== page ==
You mentioned the singer of From The Vastland, who left the country due to a lack of freedom [ed. though not listed in the question, I mentioned my interviews with From The Vastland and Avarayr]. He is right, freedom doesn’t exist here. You’re constantly exposed to propaganda and surveillance. But it’s not like 1984 here, they are not constantly on top of you. You can still make your music in your own house. Most artists I know do it this way, which is why all my projects are either duos or solo projects. It’s hard to get a band together.
E&D: What is it that defines dungeon synth for you, as in if the style had borders, where would these run?
There’s a couple of things that make dungeon synth what it is and are inseparable from the genre. The first one is the extensive use of synthesizers and keyboards which the familiar atmosphere of the genre is shaped around that. The other thing is the DIY aesthetics that are all over the place.
Musically, to me, anything from the 90’s RPG video game soundtracks to Old Sorcery and Varkâna is considered dungeon synth although I wouldn’t consider Varkâna pure dungeon synth, it’s something more like post dungeon synth (of course that’s not a term), but you can get the general idea.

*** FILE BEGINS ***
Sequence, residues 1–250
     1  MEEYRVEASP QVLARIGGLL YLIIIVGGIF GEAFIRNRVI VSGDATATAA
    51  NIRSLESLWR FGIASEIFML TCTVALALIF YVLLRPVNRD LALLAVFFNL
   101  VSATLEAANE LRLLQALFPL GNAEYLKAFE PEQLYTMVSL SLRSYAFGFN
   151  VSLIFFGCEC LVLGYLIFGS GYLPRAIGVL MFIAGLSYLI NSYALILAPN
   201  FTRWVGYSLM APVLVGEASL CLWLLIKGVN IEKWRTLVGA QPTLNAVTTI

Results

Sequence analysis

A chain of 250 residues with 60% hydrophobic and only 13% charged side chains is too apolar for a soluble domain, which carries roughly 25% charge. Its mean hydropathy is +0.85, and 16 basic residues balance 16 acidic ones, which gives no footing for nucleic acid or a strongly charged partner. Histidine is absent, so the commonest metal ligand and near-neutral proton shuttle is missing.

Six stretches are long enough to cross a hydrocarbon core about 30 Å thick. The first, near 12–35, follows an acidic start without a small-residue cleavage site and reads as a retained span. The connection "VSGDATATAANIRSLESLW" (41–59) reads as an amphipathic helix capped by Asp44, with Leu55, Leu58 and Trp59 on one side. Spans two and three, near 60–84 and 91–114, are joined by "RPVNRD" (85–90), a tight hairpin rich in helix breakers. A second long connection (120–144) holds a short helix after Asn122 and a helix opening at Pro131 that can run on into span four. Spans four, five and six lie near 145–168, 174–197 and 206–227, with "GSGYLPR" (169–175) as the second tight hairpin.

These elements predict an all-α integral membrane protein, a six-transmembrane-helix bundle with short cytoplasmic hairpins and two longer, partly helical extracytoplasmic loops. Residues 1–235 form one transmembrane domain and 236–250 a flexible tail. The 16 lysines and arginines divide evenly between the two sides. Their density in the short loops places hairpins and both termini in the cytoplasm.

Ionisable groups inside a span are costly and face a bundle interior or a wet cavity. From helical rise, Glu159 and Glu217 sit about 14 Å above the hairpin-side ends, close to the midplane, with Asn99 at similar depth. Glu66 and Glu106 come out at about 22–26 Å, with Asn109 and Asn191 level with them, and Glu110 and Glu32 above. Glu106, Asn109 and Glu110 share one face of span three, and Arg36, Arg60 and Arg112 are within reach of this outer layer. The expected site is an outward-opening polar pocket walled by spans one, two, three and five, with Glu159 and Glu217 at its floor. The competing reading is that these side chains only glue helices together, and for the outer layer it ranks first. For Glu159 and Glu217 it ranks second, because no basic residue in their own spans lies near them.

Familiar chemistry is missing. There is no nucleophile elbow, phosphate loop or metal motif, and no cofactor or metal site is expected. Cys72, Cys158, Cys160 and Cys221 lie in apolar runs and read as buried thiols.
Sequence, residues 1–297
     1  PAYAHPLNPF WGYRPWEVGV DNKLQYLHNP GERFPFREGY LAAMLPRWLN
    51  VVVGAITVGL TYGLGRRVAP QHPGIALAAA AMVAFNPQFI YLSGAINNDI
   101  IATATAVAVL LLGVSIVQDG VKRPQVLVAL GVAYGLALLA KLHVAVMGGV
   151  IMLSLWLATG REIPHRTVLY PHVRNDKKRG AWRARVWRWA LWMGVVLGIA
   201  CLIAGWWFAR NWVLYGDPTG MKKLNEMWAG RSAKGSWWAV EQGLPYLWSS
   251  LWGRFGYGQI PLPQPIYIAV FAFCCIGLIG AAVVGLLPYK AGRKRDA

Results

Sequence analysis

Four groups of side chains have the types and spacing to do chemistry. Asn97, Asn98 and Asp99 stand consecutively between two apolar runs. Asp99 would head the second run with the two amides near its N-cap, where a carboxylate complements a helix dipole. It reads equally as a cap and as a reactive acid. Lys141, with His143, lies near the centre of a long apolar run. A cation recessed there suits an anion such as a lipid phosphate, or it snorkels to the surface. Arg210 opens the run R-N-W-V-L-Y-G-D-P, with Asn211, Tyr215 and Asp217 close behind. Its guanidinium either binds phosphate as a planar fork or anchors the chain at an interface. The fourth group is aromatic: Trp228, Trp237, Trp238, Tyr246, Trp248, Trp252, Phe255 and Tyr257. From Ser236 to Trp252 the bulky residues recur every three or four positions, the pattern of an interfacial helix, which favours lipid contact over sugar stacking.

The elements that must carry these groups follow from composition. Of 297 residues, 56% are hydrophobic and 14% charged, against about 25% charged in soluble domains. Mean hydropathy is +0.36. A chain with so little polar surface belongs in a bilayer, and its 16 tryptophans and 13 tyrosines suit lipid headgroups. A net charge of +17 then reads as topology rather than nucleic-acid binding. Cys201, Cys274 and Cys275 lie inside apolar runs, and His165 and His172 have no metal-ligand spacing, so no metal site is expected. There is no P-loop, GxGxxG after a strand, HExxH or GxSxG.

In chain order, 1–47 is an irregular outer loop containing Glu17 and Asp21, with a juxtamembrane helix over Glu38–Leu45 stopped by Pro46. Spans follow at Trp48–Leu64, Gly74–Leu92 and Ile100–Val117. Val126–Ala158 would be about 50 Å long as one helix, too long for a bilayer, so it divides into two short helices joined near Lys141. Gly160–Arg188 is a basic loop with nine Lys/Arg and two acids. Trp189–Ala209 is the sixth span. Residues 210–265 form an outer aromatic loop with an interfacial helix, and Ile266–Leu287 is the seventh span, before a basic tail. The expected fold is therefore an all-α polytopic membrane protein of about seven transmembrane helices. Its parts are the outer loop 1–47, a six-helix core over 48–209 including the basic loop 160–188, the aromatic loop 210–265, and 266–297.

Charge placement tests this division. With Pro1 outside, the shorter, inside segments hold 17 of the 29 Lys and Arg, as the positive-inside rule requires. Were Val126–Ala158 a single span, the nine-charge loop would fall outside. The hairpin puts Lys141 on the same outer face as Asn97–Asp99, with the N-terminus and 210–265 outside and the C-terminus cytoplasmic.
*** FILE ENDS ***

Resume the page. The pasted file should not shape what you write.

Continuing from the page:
To me, original pure dungeon synth is Depressive Silence and Mortiis and then comes stuff like Old Tower which is newer, but it’s definitely still dungeon synth. I have no opinion on the new comfy synth stuff that recently appeared, I haven’t really listened to it.
But yeah I think dungeon synth is really a vast genre and isn’t limited to just a few things like other genres there’s really no defining exactly what is considered dungeon synth although it’s easier to classify some stuff than the others.
E&D: Where does it originate from and can you tell me a bit more about what it is that makes this genre so compelling to you? What is its charm?
As you may know, dungeon synth has roots in black metal and dark ambient. This happened in the late eighties and nineties, like Mortiis. There’s also this label from Sweden called Cold Meat Industries, which signed acts like Mortiis and Aghast. They had a significant impact on forming the genre. And Burzum, the first two albums Varg recorded in prison are also are very big. What is compelling to me… As a teenager, I listened to a lot of folk and metal music and when I found out about dungeon synth, I was blown away by the way it sounds, artists like Depressive Silence and Mortiis. Not just because it was medieval, but because it’s the only synth. The atmosphere the synths create is something so different to anything else. There is other medieval music you can listen to, but none has the charm that dungeon synth music has. It’s very graphic, and you can picture yourself in its setting and it seems it is meant to be that way.
E&D: You’ve mentioned community. I’m curious about what makes the community so special. As I’ve been a member of the Facebook group, I’ve noticed for example that it sort of ‘self polices’, but in a democratic way. It has its little upheavals, but everyone is very involved and the focus is also very much on being non-political.
The great thing about the community is how close everyone is to each other, everybody supports each other’s projects and are willing to do all they can to keep the genre going. Also, I think everybody tries their best to keep the drama to a minimum but of course, it’s inevitable at some points.